W3C home > Mailing lists > Public > public-webpayments@w3.org > August 2013

Re: trsst microblogging

From: Melvin Carvalho <melvincarvalho@gmail.com>
Date: Sat, 31 Aug 2013 18:17:47 +0200
Message-ID: <CAKaEYhKQ78RbUPZ0FwGo0yzUMakBcmjvC2GOV7zPKxk+++Y4AQ@mail.gmail.com>
To: Manu Sporny <msporny@digitalbazaar.com>
Cc: Adam Levine <adamlevinemobile@gmail.com>, Steven Rowat <steven_rowat@sunshine.net>, Web Payments CG <public-webpayments@w3.org>
On 31 August 2013 17:59, Manu Sporny <msporny@digitalbazaar.com> wrote:

> On 08/27/2013 01:26 PM, Adam Levine wrote:
> > On the micropayment side, this is now the 4th implementation of the idea
> > not including my Watershed FOSS project to tackle this issue in
> > basically the same way.   Non-crowdfunded options that are already
> > available are bitwall.io <http://bitwall.io> bitcredit.io
> > <http://bitcredit.io>
> > bitmonet
> http://www.reddit.com/r/Bitcoin/comments/1jh8lh/bitmonet_monetization_platform_for_content/
>
> Neat, I had not heard about those projects. Thanks for the links!
>
> > The microblogging and encrypted communications are interesting, but
> > again there are lots of options out there for both that haven't taken
> > off.   I've been pulling back from crowdfunding projects like this
> > recently because there are so many hands working towards the goal
> already.
>
> It's difficult to pick who will be successful. The whole decentralized
> blogging thing is littered with successful implementations that failed
> to gain adoption.
>
> Diaspora and Status.net being two of the bigger, more long-running
> solutions. They have working systems and it wouldn't take much to graft
> some greater security onto them, or add the RSS feature described in
> trsst (which might be already installed).
>

Both diaspora and status.net run Ostatus which is a web 2.0 protocol that
has not proven to scale well

I think a good place to start is to mark up user profiles in line with web
standards such as RDFa and JSON LD

In traditional FLOSS you can write technical solutions to some issues, and
introduce patches to improve the system.  But often the challenge is not
only technical, but rather, to get patches accepted by the whole network,
which involves human elements, leadership and introduces new central points
of friction.

As it happens I've been talking to developers on two projects this week (
status.net and lorea) to do exactly this, with positive feedback, so
hopefully those two will be one step closer to federation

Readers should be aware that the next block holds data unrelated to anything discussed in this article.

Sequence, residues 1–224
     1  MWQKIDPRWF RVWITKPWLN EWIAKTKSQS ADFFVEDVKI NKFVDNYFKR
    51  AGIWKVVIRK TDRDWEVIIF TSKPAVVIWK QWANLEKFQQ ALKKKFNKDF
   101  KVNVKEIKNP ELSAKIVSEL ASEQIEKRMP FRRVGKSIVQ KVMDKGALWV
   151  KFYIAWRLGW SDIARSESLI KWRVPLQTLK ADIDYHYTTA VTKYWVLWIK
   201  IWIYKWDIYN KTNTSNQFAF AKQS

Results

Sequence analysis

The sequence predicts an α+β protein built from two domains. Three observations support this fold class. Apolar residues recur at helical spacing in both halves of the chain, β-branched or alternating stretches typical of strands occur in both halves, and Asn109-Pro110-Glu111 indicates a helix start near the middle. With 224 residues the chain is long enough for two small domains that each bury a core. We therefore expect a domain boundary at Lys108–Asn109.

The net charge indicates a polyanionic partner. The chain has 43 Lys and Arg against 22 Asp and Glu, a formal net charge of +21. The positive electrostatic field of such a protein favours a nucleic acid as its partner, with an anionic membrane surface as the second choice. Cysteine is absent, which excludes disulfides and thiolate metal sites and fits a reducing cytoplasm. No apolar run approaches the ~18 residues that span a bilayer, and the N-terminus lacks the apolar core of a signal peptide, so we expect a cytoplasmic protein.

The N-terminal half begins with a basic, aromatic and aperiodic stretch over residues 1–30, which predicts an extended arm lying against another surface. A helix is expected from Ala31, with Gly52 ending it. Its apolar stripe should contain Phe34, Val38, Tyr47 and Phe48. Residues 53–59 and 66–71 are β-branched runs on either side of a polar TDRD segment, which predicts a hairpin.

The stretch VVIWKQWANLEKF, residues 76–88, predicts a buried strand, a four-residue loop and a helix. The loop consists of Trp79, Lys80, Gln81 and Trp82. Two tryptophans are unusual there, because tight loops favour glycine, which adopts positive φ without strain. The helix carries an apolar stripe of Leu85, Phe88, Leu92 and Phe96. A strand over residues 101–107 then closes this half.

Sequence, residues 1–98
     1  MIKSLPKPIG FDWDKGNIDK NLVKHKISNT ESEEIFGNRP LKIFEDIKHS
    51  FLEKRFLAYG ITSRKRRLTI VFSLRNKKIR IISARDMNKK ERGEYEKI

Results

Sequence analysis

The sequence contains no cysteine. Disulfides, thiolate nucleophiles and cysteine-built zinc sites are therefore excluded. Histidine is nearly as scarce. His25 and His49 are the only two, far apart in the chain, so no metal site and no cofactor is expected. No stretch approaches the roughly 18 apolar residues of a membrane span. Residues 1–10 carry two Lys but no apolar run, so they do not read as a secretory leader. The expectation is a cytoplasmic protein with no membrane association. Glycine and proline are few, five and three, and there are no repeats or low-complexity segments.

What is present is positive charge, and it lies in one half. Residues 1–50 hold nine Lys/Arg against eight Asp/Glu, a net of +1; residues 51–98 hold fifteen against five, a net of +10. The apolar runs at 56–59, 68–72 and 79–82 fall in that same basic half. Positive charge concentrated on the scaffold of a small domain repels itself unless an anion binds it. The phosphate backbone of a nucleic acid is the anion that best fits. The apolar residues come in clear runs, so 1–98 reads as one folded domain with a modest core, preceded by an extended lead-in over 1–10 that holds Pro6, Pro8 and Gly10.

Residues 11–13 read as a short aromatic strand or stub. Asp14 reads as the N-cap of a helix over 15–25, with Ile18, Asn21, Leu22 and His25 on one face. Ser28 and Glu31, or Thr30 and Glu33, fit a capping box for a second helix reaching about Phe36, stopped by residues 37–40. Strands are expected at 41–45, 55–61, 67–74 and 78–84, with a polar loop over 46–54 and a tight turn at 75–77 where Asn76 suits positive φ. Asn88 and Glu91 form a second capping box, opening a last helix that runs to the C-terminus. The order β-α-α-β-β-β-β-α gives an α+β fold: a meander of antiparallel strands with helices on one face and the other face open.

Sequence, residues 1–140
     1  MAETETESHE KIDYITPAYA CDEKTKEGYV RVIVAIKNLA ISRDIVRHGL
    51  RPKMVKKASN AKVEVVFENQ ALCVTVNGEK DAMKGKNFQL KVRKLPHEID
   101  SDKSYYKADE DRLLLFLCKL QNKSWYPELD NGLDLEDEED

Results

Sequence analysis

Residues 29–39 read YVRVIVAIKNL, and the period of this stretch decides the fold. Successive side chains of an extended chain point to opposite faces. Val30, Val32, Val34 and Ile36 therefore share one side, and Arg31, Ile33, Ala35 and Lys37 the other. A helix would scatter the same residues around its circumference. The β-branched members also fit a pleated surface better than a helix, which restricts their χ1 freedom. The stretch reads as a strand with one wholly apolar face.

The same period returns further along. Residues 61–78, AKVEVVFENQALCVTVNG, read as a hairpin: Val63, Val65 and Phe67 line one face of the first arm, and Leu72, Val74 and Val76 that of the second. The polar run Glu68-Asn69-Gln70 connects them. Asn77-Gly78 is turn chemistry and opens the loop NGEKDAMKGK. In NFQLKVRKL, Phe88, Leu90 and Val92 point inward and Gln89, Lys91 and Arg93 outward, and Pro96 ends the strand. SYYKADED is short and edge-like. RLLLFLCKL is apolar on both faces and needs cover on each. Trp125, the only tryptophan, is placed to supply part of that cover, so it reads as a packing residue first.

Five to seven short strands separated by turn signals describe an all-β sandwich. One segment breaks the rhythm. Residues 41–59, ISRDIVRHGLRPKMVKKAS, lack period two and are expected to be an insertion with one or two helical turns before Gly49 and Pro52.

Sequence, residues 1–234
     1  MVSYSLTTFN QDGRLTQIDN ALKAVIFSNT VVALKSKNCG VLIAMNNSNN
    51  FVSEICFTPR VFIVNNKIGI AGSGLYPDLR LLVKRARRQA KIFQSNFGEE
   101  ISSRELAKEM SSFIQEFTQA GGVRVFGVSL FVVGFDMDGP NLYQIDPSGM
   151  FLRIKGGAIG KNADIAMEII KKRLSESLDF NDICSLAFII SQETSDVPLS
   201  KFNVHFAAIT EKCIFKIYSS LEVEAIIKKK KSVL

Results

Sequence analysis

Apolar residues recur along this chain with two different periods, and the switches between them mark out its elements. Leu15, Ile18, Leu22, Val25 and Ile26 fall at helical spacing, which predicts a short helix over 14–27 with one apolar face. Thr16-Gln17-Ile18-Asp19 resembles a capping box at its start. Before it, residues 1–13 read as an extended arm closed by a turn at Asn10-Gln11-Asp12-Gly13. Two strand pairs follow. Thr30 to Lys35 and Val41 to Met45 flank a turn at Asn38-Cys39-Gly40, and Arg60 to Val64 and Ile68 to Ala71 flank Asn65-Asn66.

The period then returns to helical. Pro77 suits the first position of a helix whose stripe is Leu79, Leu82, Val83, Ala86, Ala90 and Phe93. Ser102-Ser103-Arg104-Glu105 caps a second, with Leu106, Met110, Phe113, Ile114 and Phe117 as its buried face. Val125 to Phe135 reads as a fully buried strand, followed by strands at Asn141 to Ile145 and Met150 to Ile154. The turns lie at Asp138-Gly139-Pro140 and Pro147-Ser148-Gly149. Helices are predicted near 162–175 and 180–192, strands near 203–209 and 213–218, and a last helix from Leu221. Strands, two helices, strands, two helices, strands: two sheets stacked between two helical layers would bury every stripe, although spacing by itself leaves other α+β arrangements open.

I also reached out to diaspora as they have said they want to federate
more, but I think that it's a project that while good on the presentation
layer, is less strong at the protocol level

>
>
> I think many of these project focus on the wrong thing. The technology
> is the easy part, it's the social aspect that's difficult. If you can't
> pull and push to Twitter, G+, Facebook, etc, then it's problematic. If
> you don't have a solution that people can just use w/o being technical,
> it's a problem. It seems like there are so many things that you have to
> get right in this space, and even when you get all of them right, people
> don't seem to be interested.
>

Integration with web 2.0 platforms is important, there are some systems
such as friendica working on this


>
> I've read a number of studies that say that people both young and old
> still do care about privacy. However, many are just unaware of what
> systems protect their privacy and which ones don't. Fewer are willing to
> pay or fund systems that protect their privacy because the existing
> systems seem to be good enough.
>

About 25% care deeply about privacy, according to studies ive read


>
> Take email for instance. It's a fairly terrible protocol, rife with
> spam. Many of the email solutions today are pretty terrible and unable
> to cope with the level of spam and size of our ever growing mail
> history. Gmail does a good job. It's also hooked up to the NSA in ways
> that have been surprising to people that use Gmail. However, notice that
> there hasn't been a mass exodus from Gmail and other hosted mail
> solutions. People care about privacy, but not to the extent that they're
> willing to absorb some pain to get some of their freedoms back. This is
> more of a societal problem than a technical one.
>
> I really hope that we can move back towards a more decentralized social
> Web. This group is working on a number of technologies that could enable
> that, specifically:
>
> JSON-LD
> http://www.youtube.com/watch?v=vioCbTo3C-4
> http://json-ld.org/
>
> Secure Messaging (and identity)
> https://payswarm.com/specs/source/http-keys/
>

+1

We also need to decentralize payments so that developers are incentivized
to help grow the eco system with apps for example ...


>
> I'm not certain that projects like trsst will be successful in doing so.
> I do think that if we get all of them to start using certain messaging
> standards, like Secure Messaging and Activity Streams, that we will have
> a better chance of moving to a more decentralized messaging future.
>

+1 activity streams 2.0 which is set to be json ld compliant seems to be a
great way to do messagine


>
> Other projects in this area to check out:
>
> http://pump.io/
> http://app.net/
> https://joindiaspora.com/
>

App.net is a propriety paid twitter platform without ads.

pump.io I dont think will be that much more successful than it's
predecessor status.net as imho it has scalability issues.

Lesser known projects that use web standards such as my-profile.eu I think
are the kind of project that will federate well, especially when adding
payswarm for payments


>
> -- manu
>
> --
> Manu Sporny (skype: msporny, twitter: manusporny, G+: +Manu Sporny)
> Founder/CEO - Digital Bazaar, Inc.
> blog: Meritora - Web payments commercial launch
> http://blog.meritora.com/launch/
>
>
Received on Saturday, 31 August 2013 16:18:16 UTC

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